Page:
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Formation of carbon–nitrogen bonds in carbon monoxide electrolysis

Jouny, Matthew and Lv, Jing-Jing and Cheng, Tao and Ko, Byung Hee and Zhu, Jun-Jie and Goddard, William A., III and Jiao, Feng (2019) Formation of carbon–nitrogen bonds in carbon monoxide electrolysis. Nature Chemistry, 11 (9). pp. 846-851. ISSN 1755-4330. doi:10.1038/s41557-019-0312-z.

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The electroreduction of CO_2 is a promising technology for carbon utilization. Although electrolysis of CO_2 or CO_2-derived CO can generate important industrial multicarbon feedstocks such as ethylene, ethanol, n-propanol and acetate, most efforts have been devoted to promoting C–C bond formation. Here, we demonstrate that C–N bonds can be formed through co-electrolysis of CO and NH_3 with acetamide selectivity of nearly 40% at industrially relevant reaction rates. Full-solvent quantum mechanical calculations show that acetamide forms through nucleophilic addition of NH_3 to a surface-bound ketene intermediate, a step that is in competition with OH– addition, which leads to acetate. The C–N formation mechanism was successfully extended to a series of amide products through amine nucleophilic attack on the ketene intermediate. This strategy enables us to form carbon–heteroatom bonds through the electroreduction of CO, expanding the scope of products available from CO_2 reduction.

Item Type:Article
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URLURL TypeDescription ReadCube access
Jouny, Matthew0000-0002-5778-1106
Cheng, Tao0000-0003-4830-177X
Ko, Byung Hee0000-0002-0934-5182
Zhu, Jun-Jie0000-0002-8201-1285
Goddard, William A., III0000-0003-0097-5716
Jiao, Feng0000-0002-3335-3203
Additional Information:© 2019 Springer Nature Publishing AG. Received 21 January 2019; Accepted 10 July 2019; Published 23 August 2019. F.J. would like to thank W. Luc for illustration assistance and E. Jeng for help with preparation of the anode. M.J. and J.-J.L. also thank B. Murphy and Z. J. Wang for help with GC–MS. The experimental work was financially supported by the US Department of Energy under award no. DE-FE0029868. F.J. also thanks the National Science Foundation Faculty Early Career Development program (award no. CBET-1350911). J.-J.L. acknowledges financial support from Chinese Scholarship Council. T.C. and W.A.G. were supported by the Joint Center for Artificial Photosynthesis, a DOE Energy Innovation Hub, supported through the Office of Science of the US Department of Energy under award no. DE-SC0004993. This work used the Extreme Science and Engineering Discovery Environment, which is supported by National Science Foundation grant no. ACI-1053575. This research used resources at the 8-ID Beamline of the National Synchrotron Light Source II, a US Department of Energy Office of Science User Facility operated by Brookhaven National Laboratory under contract no. DE-SC0012704. The authors acknowledge E. Stavitski (8-ID Beamline, NSLS-II, Brookhaven National Laboratory) for assistance in X-ray absorption spectroscopy measurements. Data availability: The datasets generated during and/or analysed during the current study are available from the corresponding author on reasonable request. Code availability: The computational codes used in the current study are available from the corresponding author on reasonable request. Competing interests: M.J., J.-J.L. and F.J. have filed a patent application (international patent application number: PCT/US 19/27012) that is based on the discovery presented in this work.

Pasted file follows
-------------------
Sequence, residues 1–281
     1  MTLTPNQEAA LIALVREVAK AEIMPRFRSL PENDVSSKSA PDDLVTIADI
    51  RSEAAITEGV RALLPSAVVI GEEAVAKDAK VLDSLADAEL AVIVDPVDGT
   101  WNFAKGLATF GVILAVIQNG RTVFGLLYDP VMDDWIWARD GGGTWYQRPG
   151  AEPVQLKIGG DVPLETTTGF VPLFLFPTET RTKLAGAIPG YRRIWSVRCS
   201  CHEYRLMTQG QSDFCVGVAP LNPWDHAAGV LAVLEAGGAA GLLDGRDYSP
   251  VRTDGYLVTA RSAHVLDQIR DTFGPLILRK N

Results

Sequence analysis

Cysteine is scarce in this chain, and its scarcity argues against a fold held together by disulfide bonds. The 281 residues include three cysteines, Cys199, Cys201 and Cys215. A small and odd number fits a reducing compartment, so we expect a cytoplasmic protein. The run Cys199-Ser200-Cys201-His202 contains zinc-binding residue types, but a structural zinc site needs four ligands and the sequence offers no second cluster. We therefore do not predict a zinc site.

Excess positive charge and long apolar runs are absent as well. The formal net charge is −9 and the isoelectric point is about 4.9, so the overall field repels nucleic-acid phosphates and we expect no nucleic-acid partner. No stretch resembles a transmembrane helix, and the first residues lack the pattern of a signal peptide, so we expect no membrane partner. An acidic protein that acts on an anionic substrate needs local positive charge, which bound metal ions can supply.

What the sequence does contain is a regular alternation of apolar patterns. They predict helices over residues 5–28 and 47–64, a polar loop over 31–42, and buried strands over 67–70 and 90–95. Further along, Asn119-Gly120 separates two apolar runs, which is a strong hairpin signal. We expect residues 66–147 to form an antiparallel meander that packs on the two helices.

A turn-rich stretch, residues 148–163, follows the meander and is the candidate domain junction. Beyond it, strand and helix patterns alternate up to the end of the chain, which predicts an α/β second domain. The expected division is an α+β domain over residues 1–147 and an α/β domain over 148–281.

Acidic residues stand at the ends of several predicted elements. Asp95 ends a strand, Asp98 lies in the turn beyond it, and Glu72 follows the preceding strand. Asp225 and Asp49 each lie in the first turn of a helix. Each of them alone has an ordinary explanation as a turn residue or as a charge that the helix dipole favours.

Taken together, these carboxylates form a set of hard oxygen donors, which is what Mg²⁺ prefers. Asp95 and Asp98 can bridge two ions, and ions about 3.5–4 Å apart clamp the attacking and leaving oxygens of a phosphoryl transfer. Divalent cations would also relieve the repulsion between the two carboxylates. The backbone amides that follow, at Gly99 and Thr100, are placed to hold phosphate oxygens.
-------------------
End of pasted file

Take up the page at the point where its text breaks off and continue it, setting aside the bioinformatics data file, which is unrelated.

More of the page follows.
Funding AgencyGrant Number
Department of Energy (DOE)DE-FE0029868
Chinese Scholarship CouncilUNSPECIFIED
Joint Center for Artificial Photosynthesis (JCAP)UNSPECIFIED
Department of Energy (DOE)DE-SC0004993
Department of Energy (DOE)DE-SC0012704
Subject Keywords:Chemical engineering; Electrocatalysis
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Issue or Number:9
Record Number:CaltechAUTHORS:20190620-142925725
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Usage Policy:No commercial reproduction, distribution, display or performance rights in this work are provided.
ID Code:96601
Deposited By: George Porter
Deposited On:23 Aug 2019 15:42
Last Modified:16 Nov 2021 17:22

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